Tuesday, January 19, 2010

Chiropractor's Almanac

There is something in the air, and it is not just love...
I don't know why, but it has been BUSY in the clinic lately. Have all my patients conspired to get sore at the same time? Did you all get together to practice different ways of bending wrongly (is it just me, or does that word sound wrong?)? Was there a limbo party to which I wasn't invited? Has Twister made a comeback?

I'm happy to see you all... but what the hell is going on?!

I've noticed this before. The sudden influx of patients from time to time, all with similar complaints. I've been working on theories.

Theory 1 - a reason for every season
This theory is popular with patients. After every snowfall, I'm asked if I'm very busy these days, what with all the snow shoveling and slipping on ice. And yes, I do see more than a few injured shovellers, but do you know what happens when it is really, really, really cold and snowy out? People hibernate. Perhaps this is why I seem to treat more acute low backs in winter - if you're braving February cold to come in, you're gonna make sure you really need it.

Theory 2 - word of mouth
Say you came in with neck pain. And say I 'cured' said neck pain. You then tell your friends about the fabulous Dr. Fagen who fixed your neck pain, and they'll tell two friends, and they'll tell two friends, and so on, and so on... next thing you know, I'm up to my neck with neck patients.

Theory 3 - ancient chinese secret
When I studied acupuncture, I had the privilege of learning a bit of Chinese medicine theory. It is wonderfully complex and highly structured, and accounts for so many factors, including weather and seasons and energy and the universe. Each season correlates to a different meridian, which governs different organ systems and areas of the body. In the spring I often see shoulder and elbow problems. In the winter, stiffness and low back pain. These findings are explained well by Chinese medicine's 5 elements theory. Hey, a billion people can't be wrong...

Theory 4 - misremembering
Perhaps it is just me. Maybe I'm so eager to prove myself right, that when another acute neck patient shows up during an August heat wave I say A-HA!, but I don't think much of the same presentation any other time? It is possible, I have been wrong before. Once.

Theory 5 - conspiracy...
Who sent you in? Shoulder pain you say... what a coincidence. Why are you really here!!??

Theory 6 - Murphy's Law
The deluge of patients right before the Christmas holidays? The panicked calls in August, during peak vacation time? March break madness? If you've got somewhere important to be... stop in for an adjustment first!

The truth probably lies in the middle of this blog... (well except for the conspiracy theory part (unless you've got something to hide... in which case I'm on to you...)). We are more intimately connected to the earth and it's energies, weather and seasons included, than we realize. And our disconnections, like air conditioning and heating, affect us too, becoming part of our seasonal factors (not unusual for late summer stiff necks to be associated with sleeping under the air conditioner). Sports and activities affect us immensely, especially when we return after a hiatus. It's no wonder my hockey players all seem to ache in the preseason and my golfers will inevitably call me when the greens open. Stress certainly plays a part in pain, weakening the body to exacerbate an injury and making healing a longer ordeal.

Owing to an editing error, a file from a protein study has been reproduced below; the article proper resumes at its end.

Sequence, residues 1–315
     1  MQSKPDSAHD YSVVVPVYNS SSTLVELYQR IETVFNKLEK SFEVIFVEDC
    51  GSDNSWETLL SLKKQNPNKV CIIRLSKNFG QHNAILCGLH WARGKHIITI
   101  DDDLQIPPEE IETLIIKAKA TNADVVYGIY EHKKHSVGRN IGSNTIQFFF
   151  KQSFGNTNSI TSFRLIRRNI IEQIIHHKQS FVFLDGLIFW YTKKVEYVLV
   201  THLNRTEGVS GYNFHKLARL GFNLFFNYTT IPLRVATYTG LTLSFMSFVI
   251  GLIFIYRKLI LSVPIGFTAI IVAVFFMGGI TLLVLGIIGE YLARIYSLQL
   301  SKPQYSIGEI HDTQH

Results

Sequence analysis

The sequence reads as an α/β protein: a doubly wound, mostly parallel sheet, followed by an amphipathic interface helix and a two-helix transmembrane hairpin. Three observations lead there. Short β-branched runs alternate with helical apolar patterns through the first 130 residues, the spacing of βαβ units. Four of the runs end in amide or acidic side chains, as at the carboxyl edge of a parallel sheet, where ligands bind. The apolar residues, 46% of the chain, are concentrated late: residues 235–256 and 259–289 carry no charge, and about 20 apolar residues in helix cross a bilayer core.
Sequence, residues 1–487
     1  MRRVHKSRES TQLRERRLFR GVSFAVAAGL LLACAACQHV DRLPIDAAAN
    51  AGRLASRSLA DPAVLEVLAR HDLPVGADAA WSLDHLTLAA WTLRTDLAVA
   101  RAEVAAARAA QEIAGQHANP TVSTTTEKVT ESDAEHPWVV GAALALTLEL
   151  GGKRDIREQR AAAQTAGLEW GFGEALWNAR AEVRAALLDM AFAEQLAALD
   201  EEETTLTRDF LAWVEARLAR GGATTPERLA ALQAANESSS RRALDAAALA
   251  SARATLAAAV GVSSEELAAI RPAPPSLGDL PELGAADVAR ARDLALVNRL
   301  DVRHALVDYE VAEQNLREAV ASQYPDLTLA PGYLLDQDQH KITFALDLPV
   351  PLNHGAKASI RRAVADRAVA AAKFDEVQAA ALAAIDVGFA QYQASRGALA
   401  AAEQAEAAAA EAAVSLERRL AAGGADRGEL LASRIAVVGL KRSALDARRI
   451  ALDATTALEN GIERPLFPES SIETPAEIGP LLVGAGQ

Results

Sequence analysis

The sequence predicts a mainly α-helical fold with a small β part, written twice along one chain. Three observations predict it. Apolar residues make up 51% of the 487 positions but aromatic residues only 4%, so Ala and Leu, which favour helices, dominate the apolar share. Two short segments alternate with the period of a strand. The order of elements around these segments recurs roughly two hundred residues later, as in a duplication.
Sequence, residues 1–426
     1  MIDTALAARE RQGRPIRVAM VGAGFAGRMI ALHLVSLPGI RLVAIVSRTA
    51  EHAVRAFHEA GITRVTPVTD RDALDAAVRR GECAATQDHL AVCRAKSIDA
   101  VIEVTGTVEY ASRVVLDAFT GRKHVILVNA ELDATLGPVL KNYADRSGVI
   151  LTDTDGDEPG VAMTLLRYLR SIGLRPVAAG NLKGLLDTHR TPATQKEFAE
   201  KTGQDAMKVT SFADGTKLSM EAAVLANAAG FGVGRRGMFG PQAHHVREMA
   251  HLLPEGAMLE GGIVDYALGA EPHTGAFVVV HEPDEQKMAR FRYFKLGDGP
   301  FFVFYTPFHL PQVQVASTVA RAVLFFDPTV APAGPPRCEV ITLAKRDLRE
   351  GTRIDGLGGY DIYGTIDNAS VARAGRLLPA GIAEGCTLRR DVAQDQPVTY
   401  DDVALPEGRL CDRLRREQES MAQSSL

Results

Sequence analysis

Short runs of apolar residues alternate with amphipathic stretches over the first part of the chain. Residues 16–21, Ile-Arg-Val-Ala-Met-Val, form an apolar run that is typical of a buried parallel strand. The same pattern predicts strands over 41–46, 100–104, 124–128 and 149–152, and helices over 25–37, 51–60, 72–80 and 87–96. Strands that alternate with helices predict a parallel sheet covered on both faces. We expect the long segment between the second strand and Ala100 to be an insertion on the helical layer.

Understanding your body means understanding your pain patterns. It is not unusual for an irregular patient (as in 'infrequent', not 'weird') to need treatment at the same time each year... spooky, no? We need to each know ourselves, to know what seasons are our hardest to navigate, to be body conscious when starting new sports and activities, to be able to identify the stresses and triggers to which we are vulnerable. And then prevent them from knocking us down - by stretching more/relaxing/seeking treatment/doing whatever gets you on your feet again.

The truth is out there. In the mean time, get your back treated, and help me with this most valuable research.

Monday, January 4, 2010

Happy Holidayses!

The end of one year, the beginning of another. It's a bit romantic, no? The sense of renewal, out with the old, in with the new. A fresh start, a new year and a new decade. Huzzah!

And yet, it's all a bit silly. The ceremony, the hangovers, the resolutions. Isn't it just another day, a notch in time? Should auld acquaintance really be forgot, and never brought to mind? Besides, I have a major grammar-related new year pet peeve, and it persists well past January 1st. Gung Hay Fat Choy indeed.

"Happy New Years!"

Or perhaps you mean "Happy New Year's!", which is equally irksome.

The extraneous 's'. Never before has anyone been driven to madness by a single letter, apostrophe or not. But there you have it. I'm small like that. And though I try to focus on the intent behind the greeting, the well wishes for an enjoyable year, I'm cringing inside.


Perhaps the capricious s's serve to proffer happiness for the current year and all other years to come? Maybe the well-wisher is being culturally sensitive, accounting for such new yearses (!) as the Chinese New Year (happy 4707 everyone!) and Rosh Hashanna (happy 5770 everyone!). The Scots have a solution to this conundrum. Happy Hogmanay, everyone!

I realize that it is of very little import, but this blending of "New Year's Eve" and "Happy New Year" just gets my goat. I've even done it myself, asking "what did you do for New Year's?" Beginning the year with a dangling something-or-other is as inauspicious a start as any. Maybe I should resolve to be less pedantic, more gracious in the face of a pleasant greeting, but there you have it.

Have a wonderful twenty-ten, and in case I don't get the chance to say it in the future, Happy New Years!